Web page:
NEW DELHI, INDIA – In another bid to make India self-reliant in military equipment, the country’s Defence Acquisition Council recently approved the procurement of 14 products from start-ups under the Innovation for Defence Excellence (iDEX) program.

The announcement comes almost two years after the Indian defense ministry earmarked $5.2 billion for the design and development of indigenous military equipment.

In the last three years since iDEX was launched, the Indian Ministry of Defence has engaged with 132 start-ups and signed 66 contracts for prototype development, while another 30 contracts are in pipeline to be signed before December.

Just last month, the ministry approved 107 Major Line Replacement Units/Sub-systems for indigenization until December 2026, beyond which there will be an embargo on their import.

Importance of Self-Reliance

Talking to The Defense Post, Saurav Jha, a prominent commentator on energy and security, underlined the importance of India having its own military equipment and defense systems.

“The direction the world is taking and how America is behaving with its sanctions is acting as a catalyst to fast pace indigenization,” said Jha, who runs a podcast called Indigenization Appreciation Hour.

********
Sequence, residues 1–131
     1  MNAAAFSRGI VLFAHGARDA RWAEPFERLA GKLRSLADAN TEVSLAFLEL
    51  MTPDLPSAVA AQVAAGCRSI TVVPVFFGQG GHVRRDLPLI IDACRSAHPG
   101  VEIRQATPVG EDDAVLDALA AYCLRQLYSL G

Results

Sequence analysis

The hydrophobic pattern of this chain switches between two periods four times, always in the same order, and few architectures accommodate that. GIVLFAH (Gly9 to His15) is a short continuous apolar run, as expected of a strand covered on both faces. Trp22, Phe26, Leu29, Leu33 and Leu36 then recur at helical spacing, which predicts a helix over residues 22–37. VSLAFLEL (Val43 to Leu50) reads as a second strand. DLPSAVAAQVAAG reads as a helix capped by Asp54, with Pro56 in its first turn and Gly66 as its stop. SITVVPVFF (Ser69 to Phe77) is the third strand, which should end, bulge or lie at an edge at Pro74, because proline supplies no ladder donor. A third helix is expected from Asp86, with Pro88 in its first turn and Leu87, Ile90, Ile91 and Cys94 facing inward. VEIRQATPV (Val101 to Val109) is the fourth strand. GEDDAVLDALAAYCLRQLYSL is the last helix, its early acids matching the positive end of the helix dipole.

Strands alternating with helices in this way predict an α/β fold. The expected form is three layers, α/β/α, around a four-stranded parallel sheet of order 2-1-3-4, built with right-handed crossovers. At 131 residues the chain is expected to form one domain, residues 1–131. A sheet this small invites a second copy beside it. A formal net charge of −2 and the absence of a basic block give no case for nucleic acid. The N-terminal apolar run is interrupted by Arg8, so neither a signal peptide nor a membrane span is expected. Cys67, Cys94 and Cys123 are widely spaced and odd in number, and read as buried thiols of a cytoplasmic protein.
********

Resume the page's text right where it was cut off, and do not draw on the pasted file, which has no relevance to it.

“India cannot always rely on foreign systems if it aspires to be a major power. With foreign sources, there is also a degree of freedom on how it can use weapons; there is also a huge dependency on spares, components, and upgrades, which comes at a fat price,” he added.

Indian soldiers
Indian soldiers. Photo: Sgt. Michael J MacLeod/US Army

Banning Foreign Arms

On April 7, Indian Defence Minister Rajnath Singh released a third negative arms import list of 101 items with timelines in the next five years. This has taken the total number of items on the import ban list to 351.

Singh said the list was released to expedite self-reliance in defense.

“The import of systems, with foreign software codes, can prove to be dangerous for the security apparatus as it opens the window of vulnerability … newer defense systems and platforms are electronic and software-intensive. They can be controlled or subverted from anywhere,” he said.

Own Military Equipment

On April 11, India successfully tested indigenously designed and manufactured loitering munitions at 15,000 feet in the Nubra valley of Ladakh.

These munitions are among the items listed on the “no-import list” and are 40 percent cheaper than the foreign systems.

Another Indian-developed anti-tank guided missile, HELINA, was successfully flight tested at a high altitude on Tuesday, including the hand-over of the first lot of Infantry Protected Mobility Vehicles to the Army Chief the same day.